Peter Lundberg at the Library of Congress reading the score of Treemonisha. (courtesy Peter Lundberg)
Peter Lundberg at the Library of Congress reading the score of Treemonisha. (courtesy Peter Lundberg)

We did the city of Washington for the sole purpose of going to the Library of Congress. I had sent for some copies of music and marveled over their service. When I went to the desk, unannounced, and asked permission to view what they might have of Scott Joplin material, I was immediately presented with a room of my own, with a grand piano, and two librarians who wheeled loads of the complete Joplin output, including Treemonisha and some other extras. I had a couple of hours. None of the music was free to copy. I could just turn pages, try out on the piano, while the panic rose. Embarrasse de Richesse, ask me about it.

Meanwhile, good times were rolling in Florida.

In Ft. Lauderdale, at the Escape Hotel, the Bonanza Saloon was basically a striped tent addition that could be enlarged by turns to accommodate the growing audience for “Ragtime Bob” Darch and his show. The show consisted of Bob on stage with his Five Pedal Cornish Upright Saloon Grand, and a herd of Irish air stewardesses on leave, in bathing suits, doling out free snuff for the ladies and less free drinks for all. Bob was in great shape, good timing and a surprising amount of solid saloon ragtime among his antics.

The day after arrival, I played some for Bob and he immediately took two days off, put up a sign saying “Peter Lundberg—the Swedish Nightingale” and for two nights I was up there, in front of the intimidating Cornish, playing as if my life depended on it, which in a sense was true. There was nothing else to do and people seemed entertained by the sight and for them, music was enough. I wasn’t the easy going, radiant person I am today but this gave me something to think about.

Peter Lundberg, 1963, at the Escape Hotel in Florida visiting Bob Darch. (courtesy Peter Lundberg)
Peter Lundberg, 1963, at the Escape Hotel in Florida visiting Bob Darch. (courtesy Peter Lundberg)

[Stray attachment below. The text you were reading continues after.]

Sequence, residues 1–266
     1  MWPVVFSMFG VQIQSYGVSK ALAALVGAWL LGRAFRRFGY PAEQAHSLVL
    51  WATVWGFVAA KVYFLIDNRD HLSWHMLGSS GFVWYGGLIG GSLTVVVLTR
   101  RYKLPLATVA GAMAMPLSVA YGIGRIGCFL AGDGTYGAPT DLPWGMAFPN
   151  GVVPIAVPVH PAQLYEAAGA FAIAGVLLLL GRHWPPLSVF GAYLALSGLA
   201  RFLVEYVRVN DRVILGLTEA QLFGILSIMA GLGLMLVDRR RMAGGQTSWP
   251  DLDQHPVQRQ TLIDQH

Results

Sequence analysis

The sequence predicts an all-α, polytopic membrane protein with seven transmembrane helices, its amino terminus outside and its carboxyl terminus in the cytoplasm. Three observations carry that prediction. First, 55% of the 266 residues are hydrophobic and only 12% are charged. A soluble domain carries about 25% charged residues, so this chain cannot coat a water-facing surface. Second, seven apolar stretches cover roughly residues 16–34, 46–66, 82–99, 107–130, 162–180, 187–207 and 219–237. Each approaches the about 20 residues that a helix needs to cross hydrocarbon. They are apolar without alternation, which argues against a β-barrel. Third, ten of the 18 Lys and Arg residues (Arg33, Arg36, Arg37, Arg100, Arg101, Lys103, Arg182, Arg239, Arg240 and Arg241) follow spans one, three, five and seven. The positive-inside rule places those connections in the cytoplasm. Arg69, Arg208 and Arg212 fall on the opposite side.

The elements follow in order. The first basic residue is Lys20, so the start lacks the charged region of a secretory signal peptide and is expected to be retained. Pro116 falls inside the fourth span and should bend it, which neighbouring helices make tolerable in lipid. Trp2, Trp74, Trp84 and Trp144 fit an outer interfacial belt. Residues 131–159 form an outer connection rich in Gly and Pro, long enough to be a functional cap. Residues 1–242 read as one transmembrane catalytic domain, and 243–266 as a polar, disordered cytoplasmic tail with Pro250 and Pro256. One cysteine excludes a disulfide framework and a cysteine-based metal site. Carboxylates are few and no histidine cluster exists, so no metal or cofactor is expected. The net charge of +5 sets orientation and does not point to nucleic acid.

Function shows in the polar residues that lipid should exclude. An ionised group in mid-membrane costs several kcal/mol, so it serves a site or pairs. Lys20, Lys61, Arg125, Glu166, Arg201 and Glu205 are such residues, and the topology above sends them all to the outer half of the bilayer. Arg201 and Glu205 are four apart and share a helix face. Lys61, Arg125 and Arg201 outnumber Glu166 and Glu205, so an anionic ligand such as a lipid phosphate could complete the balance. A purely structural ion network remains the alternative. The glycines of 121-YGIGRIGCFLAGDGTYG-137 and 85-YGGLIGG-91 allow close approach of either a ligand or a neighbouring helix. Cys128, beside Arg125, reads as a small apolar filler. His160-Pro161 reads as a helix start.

Bob had a great life in Ft Lauderdale, with a smart wife and a cute daughter. He took us to see the wonders of American civilization: trailer parks and oversized steaks. Bob wore Bermuda shorts, alligator shoes and drove a Lincoln convertible. His manager wore Bermuda shorts, alligator shoes and drove another Lincoln convertible. This was my first glimpse of the life of an itinerant ragtime piano player.

But everything has to come to an end, and we took the bus to New Orleans. The famous Preservation Hall already existed, and we saw and heard a lot of the still active musicians: Sweet Emma Barrett, Billie Pierce, Kid Thomas, George Lewis, Cié Frazier, Percy Humphrey. Musicians sat on chairs; listeners stood around.

Somebody threw coins at the feet of George Lewis. Al Jaffe, the owner, picked them up and threw them back.

Of all the musicians I was most impressed by Josiah Frazier, the drummer. I have never before or since heard such tasteful, ever-varied drumming. He played differently for shows, for dancing, for listening. I realized that one reason why so much traditional jazz sounds boring is the lack of flexibility within the rhythm section. Frazier, like several of the musicians, had long, tapered shoes with cut off toes, light brown, polished to a shine.

I had corresponded quite frequently with the great trumpeter Punch Miller and we visited him. We talked and he played a couple of new compositions. I asked him about the lineups of the earliest bands: big bass drum, guitar, violin. Could you really hear the violin in ensembles? Miller said yes, you were careful to vary your volume, and everyone kept out of each other’s way.

I had Lizzie Miles’ number from a common friend in Switzerland. She yelled “Come over!” When we did, she opened the door and started talking about life, politics, about what’s right and what’s wrong. Half an hour later we were still standing in the hallway. Sometimes she shifted to French—she mentioned that her grandmother ONLY spoke French. Lizzie Miles was one of the earliest entertainers to sing blues and jazzy vaudeville, she had a career in Europe and by the time we met her she had given up singing except for an occasional gospel performance. Her last records included duets with the exceptional Texas pianist Red Camp. She called it one of the best musical relationships she ever had. Years later when I actually met Red Camp, he remembered it as moments of magic.

We managed to get inside the San Jacinto Hall. The famous dance hall where some classic revival recordings took place. Plain wooden floor, plain wooden walls. bandstand on wooden balcony, wooden ceiling. A clear, ringing reverb, a music box in the real sense.

We went west, got an aunt of mine married in San Antonio, I lost 35 cents to a Las Vegas slot machine, the itinerary starts going zigzag here.